“Looking at our bestsellers from 2016 versus 2017, I was struck by how few fiction titles show up on the 2017 bestseller lists,” said Jamie Thomas, WCF’s store manager. “Lincoln in the Bardo by George Saunders and Her Body and Other Parties by Carmen Machado were among our bestsellers, but compared to the event books and the nonfiction, they were lower on the list than our bestselling fiction would have been in previous years.” The only fiction title among the store’s top 10 bestsellers in 2017 was The Handmaid’s Tale. Margaret Atwood’s dystopian novel, which was published in 1985 and adapted last year as a Hulu series, sold 300 copies at WCF in 2017. Hollenbeck attributed the spike in sales of The Handmaid’s Tale to the television series and the current administration’s stances on women’s issues, describing the book’s popularity as “a symptom of women’s fear and anger.”
Hollenbeck noted that WCF, founded in 1979, has always strived to reflect its customers’ interests and concerns, and now it is ramping up its visibility in the public sphere. WCF was a cosponsor of the Chicago Women’s March in 2017 and 2018. Also, since the election, it has regularly set up political book displays and scheduled more programming prompted by current events, such as its sold-out, off-site book launch for Nasty Women in October.
More recently, the store hosted a panel discussion about the 2017 Women’s March, coinciding with the march’s anniversary, that packed the store. A February 15 off-site event with Morgan Jerkins, the 25-year-old author of This Will Be My Undoing, a collection of essays on politics and popular culture from an African-American woman’s perspective, “sold out within moments,” Hollenbeck said.
Bluestockings, located on New York City’s Lower East Side since 1991, self-identifies as an “intersectional feminist” bookstore cooperative, according to Corey Farach, a Bluestockings Collective member. It has seen a significant increase in sales and foot traffic—a trend that began in 2015 when it launched an Indiegogo fund-raising campaign. The store has continued to thrive since the election, with, Farach said, an “increased engagement across all metrics,” including sales, traffic, and volunteers. “There’s been a lot of energy in the space,” Farach added, and books that “activists need, would find useful, and would want to buy” are prominently displayed.
Though the store’s top-selling book in 2017 was Milk and Honey, Rupi Kaur’s collection of inspirational poems, Rebecca Solnit’s Hope in the Dark, which was published after George’s W. Bush’s reelection in 2004, with a third edition released in 2016, is among the store’s top five bestsellers: Bluestockings has sold since the election at least one copy of Hope in the Dark “every other day,” Farach said.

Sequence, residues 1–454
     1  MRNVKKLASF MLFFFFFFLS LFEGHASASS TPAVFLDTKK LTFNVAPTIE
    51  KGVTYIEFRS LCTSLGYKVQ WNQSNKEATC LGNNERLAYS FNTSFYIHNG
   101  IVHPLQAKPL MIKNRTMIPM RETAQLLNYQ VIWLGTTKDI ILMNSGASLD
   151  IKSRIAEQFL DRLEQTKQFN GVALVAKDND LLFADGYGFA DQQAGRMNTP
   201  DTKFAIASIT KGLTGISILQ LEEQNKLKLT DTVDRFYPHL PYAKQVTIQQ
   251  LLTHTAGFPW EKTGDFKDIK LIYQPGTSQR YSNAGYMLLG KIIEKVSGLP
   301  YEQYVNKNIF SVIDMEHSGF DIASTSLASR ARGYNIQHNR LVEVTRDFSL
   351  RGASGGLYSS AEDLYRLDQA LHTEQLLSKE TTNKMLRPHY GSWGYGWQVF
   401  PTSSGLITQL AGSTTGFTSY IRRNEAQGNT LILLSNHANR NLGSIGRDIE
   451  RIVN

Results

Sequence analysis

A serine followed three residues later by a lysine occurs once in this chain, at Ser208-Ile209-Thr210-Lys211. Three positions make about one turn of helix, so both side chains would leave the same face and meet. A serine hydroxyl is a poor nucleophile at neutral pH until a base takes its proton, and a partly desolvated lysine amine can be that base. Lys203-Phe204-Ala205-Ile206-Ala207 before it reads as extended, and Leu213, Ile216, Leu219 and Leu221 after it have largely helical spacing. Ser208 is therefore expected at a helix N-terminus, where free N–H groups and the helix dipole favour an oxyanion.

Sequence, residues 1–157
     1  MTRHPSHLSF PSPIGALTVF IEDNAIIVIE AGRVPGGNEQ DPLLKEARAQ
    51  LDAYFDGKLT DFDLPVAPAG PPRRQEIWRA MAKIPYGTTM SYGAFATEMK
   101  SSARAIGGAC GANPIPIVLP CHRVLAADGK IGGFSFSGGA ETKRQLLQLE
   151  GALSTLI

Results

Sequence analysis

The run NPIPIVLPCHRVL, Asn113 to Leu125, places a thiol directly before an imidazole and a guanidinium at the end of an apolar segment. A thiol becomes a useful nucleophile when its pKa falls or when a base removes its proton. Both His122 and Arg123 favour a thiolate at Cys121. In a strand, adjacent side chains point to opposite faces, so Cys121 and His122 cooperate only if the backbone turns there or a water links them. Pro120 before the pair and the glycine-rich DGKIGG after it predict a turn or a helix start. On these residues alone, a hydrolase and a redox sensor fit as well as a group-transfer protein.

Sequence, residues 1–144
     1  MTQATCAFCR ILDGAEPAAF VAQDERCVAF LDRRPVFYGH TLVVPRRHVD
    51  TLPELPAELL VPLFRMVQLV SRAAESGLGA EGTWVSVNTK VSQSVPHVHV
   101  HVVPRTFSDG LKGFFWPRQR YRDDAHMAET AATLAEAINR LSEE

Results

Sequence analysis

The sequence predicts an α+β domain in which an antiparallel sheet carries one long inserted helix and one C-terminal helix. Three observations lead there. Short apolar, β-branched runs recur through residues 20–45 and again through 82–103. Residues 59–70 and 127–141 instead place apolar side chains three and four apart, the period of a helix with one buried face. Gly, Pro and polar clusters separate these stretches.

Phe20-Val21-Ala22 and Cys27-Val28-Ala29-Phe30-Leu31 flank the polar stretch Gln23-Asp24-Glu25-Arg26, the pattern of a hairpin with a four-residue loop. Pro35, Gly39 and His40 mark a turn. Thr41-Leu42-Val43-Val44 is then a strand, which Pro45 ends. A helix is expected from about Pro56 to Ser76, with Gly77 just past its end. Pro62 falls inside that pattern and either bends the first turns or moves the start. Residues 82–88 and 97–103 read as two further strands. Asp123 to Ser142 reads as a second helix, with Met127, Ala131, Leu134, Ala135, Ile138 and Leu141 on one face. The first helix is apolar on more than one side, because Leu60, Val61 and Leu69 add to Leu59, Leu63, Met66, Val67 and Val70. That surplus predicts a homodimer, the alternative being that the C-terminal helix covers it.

The nation’s oldest feminist bookstore, 45-year-old Antigone Books, in Tucson, Ariz., said that its sales have also gone up since Trump was elected, although the Antigone’s co-owners were less willing to posit a connection between sales and the current political climate than the other stores contacted by PW. The Tucson area’s continuing rapid growth, which resulted in the construction of a new streetcar line near Antigone, also has had a positive impact upon the store’s reach, according to co-owner Trudy Mills.
Like the other feminist bookstores, Antigone’s nonfiction offerings with political themes have outsold its fiction titles over the past year—especially books about racism, such as Ta-Nehisi Coates’s Between the World and Me; books about feminism, like Bad Feminist and Solnit’s Men Explain Things to Me; and works promoting social activism, such as Becky Bond’s Rules for Revolutionaries. “Good Night Stories for Rebel Girls [a two-book series by Elena Favilli and Francesca Cavallo] have also been among our store’s bestsellers,” Mills noted.
Describing Antigone’s political stance as having been “more moderate” historically than those of the other feminist bookstores PW spoke with for this story, Mills said that Antigone has become overtly political since the 2016 election, in keeping with its mission to provide “a safe space” for customers. Among its newer efforts is promoting local political rallies in the bookstore’s electronic newsletter.
In contrast to the other feminist bookstores that PW contacted, Book Woman in Austin, Tex., reported that, although year-over-year sales were up in late 2016 and in 2017, they were down in the first two months of this year. Owner Susan Post said that last year, the 43-year-old bookstore could not keep political T-shirts and bumper stickers in stock. After the election, sales of books and sidelines spiked, with Post noting that one customer “bought a library of feminist books” for her daughter. The store created a display of political books after the election, which is still up; a copy of the Spanish-language edition of Good Night Stories for Rebel Girls on the display table sold while PW was conducting a telephone interview with Post. But, Post noted, things have changed since the first anniversary of Trump’s inauguration: when Ellen Feldman appeared at the store in February to promote her book We Who March: Photographs and Reflections on the Women’s March, attendance was light, and only nine copies were sold.
“Trump is very good for feminism,” Post said, speculating as to why sales at her store may have flattened in the past few months. “But the reality is that this [state of affairs] is for the long haul, and people are getting depressed again.”